Darrell Blackwelder column: Feeding our feathered friends

Published 12:00 am Sunday, January 24, 2021

We’re stuck inside with nothing to do but read and watch TV these days. Many have a fascination with birds and like to watch them during the winter months. So, you may wonder, what types of seed do birds like to eat?

Sunflower seeds — Black sunflower seeds or black oil seeds are preferred by finches. Cardinals prefer the gray striped seed, however very few birds will not eat sunflower seed.

Thistle — Thistle, also called niger or nyger, is a tiny black seed. Processing and import costs from Nigeria make this seed more expensive than other seeds but the advantage is that squirrels do not like it. Goldfinches prefer it along with chickadees, crows, doves, juncos, siskins, and sparrows.

Millet — Millet is the least expensive and can be scattered on the ground on low-platform feeders for doves, juncos, robins, sparrows, titmice and woodpeckers. Think twice before inviting woodpeckers onto your property.

Safflower — Safflower is often used as a substitute for black oil sunflower as it discourages grackles, starlings, and sparrows. This seed is best offered in hanging tubular feeders and hopper feeders and also sprinkled on the ground or tray feeders. Chickadees, titmice, nuthatches, goldfinches, house finches, grosbeaks, and jays like safflower. Cardinals are particularly fond of this seed, though it is expensive.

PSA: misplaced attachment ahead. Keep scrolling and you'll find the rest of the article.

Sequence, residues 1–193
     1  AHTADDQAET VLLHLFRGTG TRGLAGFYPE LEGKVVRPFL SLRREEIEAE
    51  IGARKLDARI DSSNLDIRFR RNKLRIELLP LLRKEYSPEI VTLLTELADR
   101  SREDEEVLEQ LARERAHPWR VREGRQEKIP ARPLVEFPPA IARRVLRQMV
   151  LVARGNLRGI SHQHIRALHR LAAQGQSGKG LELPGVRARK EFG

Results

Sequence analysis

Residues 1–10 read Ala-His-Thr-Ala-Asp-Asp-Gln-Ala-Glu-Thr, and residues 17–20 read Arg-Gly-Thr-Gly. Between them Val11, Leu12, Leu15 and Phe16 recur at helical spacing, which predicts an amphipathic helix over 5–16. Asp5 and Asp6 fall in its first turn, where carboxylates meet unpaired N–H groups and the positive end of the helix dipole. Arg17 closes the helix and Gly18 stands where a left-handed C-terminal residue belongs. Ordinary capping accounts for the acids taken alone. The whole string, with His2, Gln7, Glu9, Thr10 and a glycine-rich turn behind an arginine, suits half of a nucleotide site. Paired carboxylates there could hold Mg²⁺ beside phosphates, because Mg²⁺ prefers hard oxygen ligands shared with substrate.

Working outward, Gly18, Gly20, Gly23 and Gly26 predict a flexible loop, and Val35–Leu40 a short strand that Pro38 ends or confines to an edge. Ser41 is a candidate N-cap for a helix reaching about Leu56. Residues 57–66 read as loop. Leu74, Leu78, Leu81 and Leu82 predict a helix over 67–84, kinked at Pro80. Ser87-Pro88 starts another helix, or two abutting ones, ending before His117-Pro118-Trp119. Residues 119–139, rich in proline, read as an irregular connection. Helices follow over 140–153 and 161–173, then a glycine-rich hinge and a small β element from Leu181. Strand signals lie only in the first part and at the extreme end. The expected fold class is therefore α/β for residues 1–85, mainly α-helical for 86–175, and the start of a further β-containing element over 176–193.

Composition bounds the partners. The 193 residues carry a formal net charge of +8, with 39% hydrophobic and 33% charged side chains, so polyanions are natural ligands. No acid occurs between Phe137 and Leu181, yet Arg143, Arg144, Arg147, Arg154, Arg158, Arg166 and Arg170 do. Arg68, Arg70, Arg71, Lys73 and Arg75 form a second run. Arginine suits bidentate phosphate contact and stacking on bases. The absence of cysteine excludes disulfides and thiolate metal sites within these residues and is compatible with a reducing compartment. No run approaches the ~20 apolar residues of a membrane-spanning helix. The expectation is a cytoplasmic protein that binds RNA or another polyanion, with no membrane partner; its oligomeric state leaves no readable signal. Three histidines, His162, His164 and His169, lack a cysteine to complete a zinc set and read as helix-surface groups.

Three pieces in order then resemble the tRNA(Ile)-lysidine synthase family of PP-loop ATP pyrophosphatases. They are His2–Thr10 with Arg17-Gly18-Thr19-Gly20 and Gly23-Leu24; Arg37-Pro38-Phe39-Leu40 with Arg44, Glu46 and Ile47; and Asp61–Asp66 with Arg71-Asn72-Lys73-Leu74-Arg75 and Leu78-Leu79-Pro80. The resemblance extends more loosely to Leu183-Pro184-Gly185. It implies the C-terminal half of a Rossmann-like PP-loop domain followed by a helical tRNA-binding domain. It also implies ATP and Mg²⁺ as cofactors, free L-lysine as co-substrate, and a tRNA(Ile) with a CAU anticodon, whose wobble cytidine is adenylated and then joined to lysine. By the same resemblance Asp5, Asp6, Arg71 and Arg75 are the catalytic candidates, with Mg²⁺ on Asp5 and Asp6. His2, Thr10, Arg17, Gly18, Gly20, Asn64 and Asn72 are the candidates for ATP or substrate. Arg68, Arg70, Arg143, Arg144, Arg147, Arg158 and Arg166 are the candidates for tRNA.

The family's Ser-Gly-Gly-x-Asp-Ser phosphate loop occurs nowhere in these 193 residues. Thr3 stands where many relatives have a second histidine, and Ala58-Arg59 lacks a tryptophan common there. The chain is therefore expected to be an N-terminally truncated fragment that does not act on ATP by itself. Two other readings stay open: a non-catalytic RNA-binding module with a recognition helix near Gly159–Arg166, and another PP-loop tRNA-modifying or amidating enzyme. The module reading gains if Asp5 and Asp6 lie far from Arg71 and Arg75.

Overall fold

Peanuts — Use peanut pieces in any kind of tube or platform feeder. Whole shelled peanuts are a potential choking hazard to young birds and shelled peanuts are difficult for them to eat. Peanuts are favored by greenfinches, titmice, finches, nuthatches, siskins and woodpeckers.

Water — The best way to attract a wide variety of birds is to provide an assortment of food at a number of different feeders. However, water is one of the most important factors of attracting birds and other wildlife.

Darrell Blackwelder is the retired horticulture agent and director with the North Carolina Cooperative Extension Service in Rowan County. Contact him at deblackw@ncsu.edu .

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